The wait is over. Apple just took the wraps off two new iPhones, the iPhone 6 and iPhone 6 Plus, and although the rumor mill did a pretty good job churning out accurate predictions, Tim Cook and Co. managed to sneak in a fair number of surprises (not the least of which was the Apple Watch, but that’s a topic for another day).
As you’ve no doubt heard by now, the iPhone 6 will have a 4.7-inch screen, while the 6 Plus stretches to a phablet-like 5.5 inches. Both will incorporate Apple’s new A8 processor, and both rely on iOS 8-powered tweaks to help you operate certain features with one hand — answering a common complaint among users of big phones.
All those elements were expected. But here’s a look at six decidedly surprising things about the iPhone 6:
NFC - Sure, Apple Pay will be getting all the buzz in the weeks (and months and years?) to come, but let’s not overlook the underlying technology: NFC. Short for Near-Field Communications, this wireless standard started appearing in Android phones years ago, offering electronic mobile payments and a super-simple way to pair a phone with other devices (like speakers).Some observers predicted Apple would develop its own, competing tech for mobile payments, but voilà: NFC. That’s awesome, and it should help drive phone-powered pay systems into the mainstream. What remains to be seen is whether this NFC implementation will also work for other purposes. It should, but there’s also the possibility Apple will lock it down for financial-security purposes.
Finally, a 128GB option — but no more 32GB! - The longer you own a phone, the more digital stuff you collect: apps, music, videos, and especially photos. Sure, you can offload some of it to the cloud, but many users have clamored for more than just 64GB of storage. With the iPhone 6 and 6 Plus, there’s finally a 128GB option (at $399 and $499, respectively).But here’s where it gets weird: You can get a 64GB model for $100 less, or a 16GB model for $200 less. Um, what? I’m no math expert, but it seems like the next step down should have been 32GB. Nope: Apple will not be offering a 32GB option for either model, for reasons I can’t begin to fathom. Indeed, a 16GB iPhone 6 seems nearly pointless, as the fancy panoramic photos and super-slow-mo videos you capture will fill that space in no time.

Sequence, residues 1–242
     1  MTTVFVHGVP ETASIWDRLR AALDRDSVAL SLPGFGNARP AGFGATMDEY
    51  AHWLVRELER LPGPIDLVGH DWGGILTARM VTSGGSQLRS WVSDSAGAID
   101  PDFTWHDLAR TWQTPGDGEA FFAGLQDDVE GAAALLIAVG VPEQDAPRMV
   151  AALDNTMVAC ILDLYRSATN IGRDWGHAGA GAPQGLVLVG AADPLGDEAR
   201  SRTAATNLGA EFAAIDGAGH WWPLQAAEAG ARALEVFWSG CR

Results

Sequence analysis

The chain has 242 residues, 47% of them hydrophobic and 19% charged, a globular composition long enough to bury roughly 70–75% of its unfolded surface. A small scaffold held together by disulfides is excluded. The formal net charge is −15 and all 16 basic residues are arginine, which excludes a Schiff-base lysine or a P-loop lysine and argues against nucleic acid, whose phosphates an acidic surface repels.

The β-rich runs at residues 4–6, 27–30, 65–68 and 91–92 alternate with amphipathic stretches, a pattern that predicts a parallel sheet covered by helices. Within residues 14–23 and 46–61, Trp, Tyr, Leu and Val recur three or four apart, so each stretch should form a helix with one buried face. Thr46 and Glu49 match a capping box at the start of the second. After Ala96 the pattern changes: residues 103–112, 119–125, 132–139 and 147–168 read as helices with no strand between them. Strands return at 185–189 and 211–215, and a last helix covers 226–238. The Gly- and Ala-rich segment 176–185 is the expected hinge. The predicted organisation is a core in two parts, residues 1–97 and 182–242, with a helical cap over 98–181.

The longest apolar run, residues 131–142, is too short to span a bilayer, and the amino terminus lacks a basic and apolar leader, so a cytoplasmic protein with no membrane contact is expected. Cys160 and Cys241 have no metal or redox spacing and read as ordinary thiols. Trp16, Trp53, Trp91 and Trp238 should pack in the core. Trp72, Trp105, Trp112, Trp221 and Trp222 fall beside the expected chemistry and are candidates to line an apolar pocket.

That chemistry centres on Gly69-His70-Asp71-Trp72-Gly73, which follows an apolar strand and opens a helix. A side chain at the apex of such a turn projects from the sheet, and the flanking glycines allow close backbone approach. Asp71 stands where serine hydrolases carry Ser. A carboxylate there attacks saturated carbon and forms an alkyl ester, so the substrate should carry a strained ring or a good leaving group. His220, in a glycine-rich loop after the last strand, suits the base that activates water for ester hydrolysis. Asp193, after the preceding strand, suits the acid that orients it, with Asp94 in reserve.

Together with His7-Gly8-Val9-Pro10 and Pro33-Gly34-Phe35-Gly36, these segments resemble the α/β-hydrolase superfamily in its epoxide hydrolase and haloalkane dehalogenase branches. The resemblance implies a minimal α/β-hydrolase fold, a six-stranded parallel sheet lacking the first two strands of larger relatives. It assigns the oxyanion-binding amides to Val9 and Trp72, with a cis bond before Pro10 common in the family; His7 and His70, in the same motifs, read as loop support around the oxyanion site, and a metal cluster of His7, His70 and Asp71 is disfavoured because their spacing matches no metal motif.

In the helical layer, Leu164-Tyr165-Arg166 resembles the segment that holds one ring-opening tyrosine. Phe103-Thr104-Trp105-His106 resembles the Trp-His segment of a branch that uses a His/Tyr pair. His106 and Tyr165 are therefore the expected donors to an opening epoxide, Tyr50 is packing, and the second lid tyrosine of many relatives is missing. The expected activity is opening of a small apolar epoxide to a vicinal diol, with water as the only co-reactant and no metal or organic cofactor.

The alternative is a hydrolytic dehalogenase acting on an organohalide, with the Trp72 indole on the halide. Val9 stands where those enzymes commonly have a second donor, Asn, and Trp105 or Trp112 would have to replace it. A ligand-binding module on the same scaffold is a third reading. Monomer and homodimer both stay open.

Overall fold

Wi-Fi calling - Wi-Fi calling iconIn my house, I’m lucky to get 1-2 bars from my carrier (cough, Sprint, cough), and that often leads to garbled or even dropped calls. But the Wi-Fi, as you might expect, is strong. So why can’t my phone leverage that connectivity instead of spotty cellular?That’s what Republic Wireless has been pushing heavily for the past couple years, and now Apple is doing likewise. The iPhone 6 and iPhone 6 Plus will give you the option of leveraging Wi-Fi and even 4G for calls. That has the potential not only to improve your call quality, but also to lower the number of voice minutes you consume every month.
Optical image stabilization - As most photographers know, digital image stabilization gets you only so far. The best way to compensate for a shaky shutterbug is with optical image stabilization, a feature rarely seen in smartphones. But the new iPhone 6 Plus has it (the smaller iPhone 6 has digital image stabilization), and that should translate to sharper snapshots. And the feature extends to video as well, offering what Apple calls “cinematic video stabilization.
Burst-mode selfies - With the iPhone 5S, Apple introduced a burst mode for rapid-fire picture taking — a great way to ensure you capture the perfect shot. With the iPhone 6, the front camera inherits that capability as well. Which, when you think about it, perfectly suits our selfie-snapping culture. Now you can fire off five or ten shots in near-instant succession so you’re more likely to get everyone (or just yourself) looking good.
U2’s new album. For free. Just because - U2 Songs of InnocenceIt wasn’t that unusual for Tim Cook to trot out U2 at the end of today’s launch event. Last year, Elvis Costello closed the show, and other musical guests have appeared on Apple’s stage as well.No, the real surprise was that iTunes users in 119 countries found U2’s new album, “Songs of Innocence,” in their libraries immediately afterward. Free of charge. Apple’s gift to the world. Why? Because Apple loves music, of course. And has more money than probably 112 of those countries.